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Santa Ana E. Coli Attorney

Known as E. coli, Escherichia coli includes a wide variety of bacteria located in the environment, foods, and intestines of people and animals. Most E. coli strains are harmless and important for gut health, but certain strains can cause serious food poisoning and infections.

The Dangers of E. coli Infections

E. coli, particularly certain pathogenic strains, can be dangerous due to the severe health complications they can cause.

Severe Gastrointestinal Symptoms

Pathogenic strains of E. coli, such as E. coli O157, can cause intense symptoms including severe abdominal cramping, diarrhea that can become bloody, and vomiting. These symptoms can lead to significant dehydration, especially in vulnerable populations like young children, the elderly, and those with compromised immune systems.

Hemolytic Uremic Syndrome (HUS)

One of the most serious complications of E. coli infection is HUS, which predominantly affects children and older adults. HUS can cause the destruction of red blood cells, leading to acute kidney failure. This condition requires immediate medical attention and can be life-threatening.

Systemic Infections

Although E. coli typically affects the gastrointestinal tract, certain strains can enter the bloodstream, leading to systemic infections. This can cause septicemia, which is a severe and potentially fatal condition if not treated promptly.

Long-term Health Issues

Even after the acute infection resolves, some individuals may experience long-term health issues such as chronic kidney problems, hypertension, and other complications resulting from HUS.

Transmission and Outbreak Potential

E. coli is highly infectious and can spread through contaminated food and water, person-to-person contact, and exposure to infected animals. Outbreaks can occur in various settings, including homes, restaurants, schools, and public water supplies, affecting large numbers of people.

Legal Theories of Liability

Several legal theories might apply in cases of E. coli contamination:

  • Negligence: Plaintiffs must prove that the defendant failed to exercise reasonable care in preventing contamination, resulting in harm. This could involve improper food handling, inadequate sanitation, or failure to follow safety regulations.
  • Strict Liability: In many jurisdictions, food producers and suppliers can be held strictly liable for selling contaminated food, meaning plaintiffs do not need to prove negligence. They must only prove that the food was contaminated and caused harm.
  • Breach of Warranty: This can include breaches of both express warranties (specific promises about a product) and implied warranties (assumptions that a product is safe for consumption).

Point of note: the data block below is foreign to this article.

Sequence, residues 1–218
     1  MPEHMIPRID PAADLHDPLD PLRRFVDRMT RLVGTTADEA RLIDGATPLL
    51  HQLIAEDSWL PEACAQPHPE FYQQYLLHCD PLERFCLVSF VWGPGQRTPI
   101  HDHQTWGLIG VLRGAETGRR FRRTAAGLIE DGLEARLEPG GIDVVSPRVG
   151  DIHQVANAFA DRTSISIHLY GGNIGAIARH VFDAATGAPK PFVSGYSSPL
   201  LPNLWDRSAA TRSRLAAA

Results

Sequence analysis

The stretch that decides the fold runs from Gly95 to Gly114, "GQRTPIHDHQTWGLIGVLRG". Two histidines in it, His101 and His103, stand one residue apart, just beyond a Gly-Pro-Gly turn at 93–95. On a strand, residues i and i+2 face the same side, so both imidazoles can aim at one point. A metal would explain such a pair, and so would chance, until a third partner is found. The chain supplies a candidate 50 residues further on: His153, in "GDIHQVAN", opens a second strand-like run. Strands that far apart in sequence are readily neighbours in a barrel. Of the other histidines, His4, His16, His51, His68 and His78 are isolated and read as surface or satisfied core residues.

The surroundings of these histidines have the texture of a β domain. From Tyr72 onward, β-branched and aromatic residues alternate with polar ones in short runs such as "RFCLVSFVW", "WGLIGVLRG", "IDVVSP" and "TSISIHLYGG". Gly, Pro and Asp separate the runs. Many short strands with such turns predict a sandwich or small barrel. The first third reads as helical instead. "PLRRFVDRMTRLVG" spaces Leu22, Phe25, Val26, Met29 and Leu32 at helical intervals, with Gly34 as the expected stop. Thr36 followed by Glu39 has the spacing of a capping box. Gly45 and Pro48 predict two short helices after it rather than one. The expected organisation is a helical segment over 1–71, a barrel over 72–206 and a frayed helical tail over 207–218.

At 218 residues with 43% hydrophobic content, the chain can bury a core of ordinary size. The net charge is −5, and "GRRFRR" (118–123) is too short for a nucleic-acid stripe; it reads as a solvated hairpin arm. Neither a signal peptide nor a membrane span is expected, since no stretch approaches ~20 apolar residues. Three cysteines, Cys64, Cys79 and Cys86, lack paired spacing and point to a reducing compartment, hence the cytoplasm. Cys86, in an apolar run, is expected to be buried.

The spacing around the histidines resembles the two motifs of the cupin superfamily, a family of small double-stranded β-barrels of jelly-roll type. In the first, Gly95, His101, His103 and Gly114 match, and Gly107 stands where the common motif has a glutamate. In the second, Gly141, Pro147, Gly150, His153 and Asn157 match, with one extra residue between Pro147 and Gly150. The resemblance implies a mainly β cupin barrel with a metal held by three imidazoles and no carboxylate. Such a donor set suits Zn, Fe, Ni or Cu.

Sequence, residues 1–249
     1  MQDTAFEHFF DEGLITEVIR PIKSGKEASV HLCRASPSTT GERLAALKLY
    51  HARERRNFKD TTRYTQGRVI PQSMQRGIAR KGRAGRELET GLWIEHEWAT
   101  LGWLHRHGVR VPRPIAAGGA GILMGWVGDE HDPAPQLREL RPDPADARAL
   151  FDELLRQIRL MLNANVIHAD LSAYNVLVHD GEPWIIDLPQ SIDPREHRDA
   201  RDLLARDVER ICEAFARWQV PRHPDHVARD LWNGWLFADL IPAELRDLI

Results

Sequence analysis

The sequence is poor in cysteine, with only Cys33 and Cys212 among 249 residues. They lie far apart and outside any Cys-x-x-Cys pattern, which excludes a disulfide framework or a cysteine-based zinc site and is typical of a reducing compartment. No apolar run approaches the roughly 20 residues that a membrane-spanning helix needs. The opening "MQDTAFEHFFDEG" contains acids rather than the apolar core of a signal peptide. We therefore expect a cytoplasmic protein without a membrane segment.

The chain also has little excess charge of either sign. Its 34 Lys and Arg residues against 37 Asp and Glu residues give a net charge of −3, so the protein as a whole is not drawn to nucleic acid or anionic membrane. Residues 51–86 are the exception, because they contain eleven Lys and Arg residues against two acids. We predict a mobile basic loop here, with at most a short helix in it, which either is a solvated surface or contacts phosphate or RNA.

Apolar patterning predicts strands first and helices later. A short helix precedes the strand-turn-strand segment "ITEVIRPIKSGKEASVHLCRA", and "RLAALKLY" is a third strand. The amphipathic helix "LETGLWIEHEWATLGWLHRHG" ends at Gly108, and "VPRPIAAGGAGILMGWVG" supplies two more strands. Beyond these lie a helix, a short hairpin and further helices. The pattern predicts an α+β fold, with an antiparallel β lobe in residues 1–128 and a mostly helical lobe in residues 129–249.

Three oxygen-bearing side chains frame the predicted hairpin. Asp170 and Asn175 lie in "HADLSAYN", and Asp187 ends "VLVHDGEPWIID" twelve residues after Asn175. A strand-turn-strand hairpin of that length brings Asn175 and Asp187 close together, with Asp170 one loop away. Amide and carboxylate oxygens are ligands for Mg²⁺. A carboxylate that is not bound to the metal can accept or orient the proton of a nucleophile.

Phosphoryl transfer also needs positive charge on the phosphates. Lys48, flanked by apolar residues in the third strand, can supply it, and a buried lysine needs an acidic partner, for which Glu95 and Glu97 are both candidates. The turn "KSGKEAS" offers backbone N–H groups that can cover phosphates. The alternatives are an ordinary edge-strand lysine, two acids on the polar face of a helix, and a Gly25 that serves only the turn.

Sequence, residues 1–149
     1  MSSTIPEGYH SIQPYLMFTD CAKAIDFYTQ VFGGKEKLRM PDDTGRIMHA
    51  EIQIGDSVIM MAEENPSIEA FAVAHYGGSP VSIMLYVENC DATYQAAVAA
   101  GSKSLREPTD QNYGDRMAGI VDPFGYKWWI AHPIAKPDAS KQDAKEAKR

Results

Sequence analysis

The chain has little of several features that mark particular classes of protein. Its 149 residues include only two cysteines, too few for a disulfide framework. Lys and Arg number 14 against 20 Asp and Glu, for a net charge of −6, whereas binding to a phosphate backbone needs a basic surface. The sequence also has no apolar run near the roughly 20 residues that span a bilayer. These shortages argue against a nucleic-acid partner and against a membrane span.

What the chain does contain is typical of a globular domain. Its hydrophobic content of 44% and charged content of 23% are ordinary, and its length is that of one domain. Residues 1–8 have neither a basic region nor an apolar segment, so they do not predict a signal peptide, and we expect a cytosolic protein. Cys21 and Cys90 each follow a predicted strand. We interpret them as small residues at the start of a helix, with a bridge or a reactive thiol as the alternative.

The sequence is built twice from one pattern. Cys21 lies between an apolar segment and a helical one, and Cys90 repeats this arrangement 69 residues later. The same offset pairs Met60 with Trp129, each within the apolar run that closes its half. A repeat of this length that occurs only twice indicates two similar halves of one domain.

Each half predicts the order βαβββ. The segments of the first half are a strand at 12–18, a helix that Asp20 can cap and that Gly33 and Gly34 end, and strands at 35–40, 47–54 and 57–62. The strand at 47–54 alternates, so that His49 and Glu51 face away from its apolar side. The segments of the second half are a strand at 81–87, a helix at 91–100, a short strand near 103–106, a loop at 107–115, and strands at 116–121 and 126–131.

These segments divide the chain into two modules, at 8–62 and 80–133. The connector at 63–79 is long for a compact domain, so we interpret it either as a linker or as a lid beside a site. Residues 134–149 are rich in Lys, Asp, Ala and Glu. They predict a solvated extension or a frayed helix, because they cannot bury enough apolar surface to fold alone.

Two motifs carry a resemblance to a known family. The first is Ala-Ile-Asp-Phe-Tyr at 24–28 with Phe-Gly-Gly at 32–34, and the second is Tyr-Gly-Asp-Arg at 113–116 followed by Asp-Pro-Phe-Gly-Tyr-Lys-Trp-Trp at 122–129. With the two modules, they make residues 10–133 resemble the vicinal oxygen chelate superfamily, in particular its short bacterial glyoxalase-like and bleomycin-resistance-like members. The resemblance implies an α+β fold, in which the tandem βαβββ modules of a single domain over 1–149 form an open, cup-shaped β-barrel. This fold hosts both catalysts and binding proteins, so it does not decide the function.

• Product Liability: Manufacturers and sellers can be held liable if they placed a defective product (contaminated food) into the marketplace. This falls under strict liability for defective products.
  • Breach of Contract: If a contractual relationship existed and the food provider breached terms regarding food safety and quality, they could be liable for resulting damages.

Damages in E. coli Liability Cases

Victims of E. coli infections can seek various types of damages, including:

  • Economic Damages:
    • Medical Expenses: Covers all related medical costs, including hospitalization, treatment, medications, and follow-up care.
    • Lost Wages: Compensation for income lost due to inability to work during illness and recovery.
    • Out-of-Pocket Expenses: Any additional costs incurred, such as travel expenses for medical care.
  • Non-Economic Damages:
    • Pain and Suffering: Compensation for physical pain and emotional distress.
    • Loss of Enjoyment of Life: If the infection significantly impacts the victim’s ability to enjoy normal activities.
    • Emotional Distress: Compensation for psychological impact, such as anxiety and depression.
  • Punitive Damages: These may be awarded if the defendant’s conduct was particularly reckless or egregious, serving to punish the wrongdoer and deter similar behavior.
  • Wrongful Death Damages: In cases where the infection results in death, surviving family members can seek compensation for funeral expenses, loss of financial support, and emotional suffering.

Santa Ana E. coli Statistics

In California, the E. coli incidence rate per 100,000 spiked in 2018 (5.7) and 2019 (6.6.), and although in Orange County, the incidence rates were generally lower, there was also an increase in in incidence rates for 2018 (3.32) and 2019 (4.3).

In early 2024, an E. coli outbreak linked to organic walnuts affected six people in California and six people in Washington. Retailers were advised that boxes of Gibson Farms, Inc. organic walnut halves and pieces with specific lot numbers had been recalled. The Food and Drug Administration shared a list of stores and locations that could have received the contaminated products. This list detailed 105 stores in California, including one in Santa Ana.

Your Santa Ana E. Coli Attorney is Waiting For Your Call

If an E. coli infection has struck you or a loved one, don’t navigate this tough period alone. The Lange Law Firm is committed to assisting individuals like you with E. coli cases. Our skilled team will thoroughly examine your situation and work for your deserved compensation.

Call us today at (833) 330-3663 or email us for a free consultation. We’re here to offer the support and legal expertise you need. Don’t wait—contact us now to start your path to justice and recovery.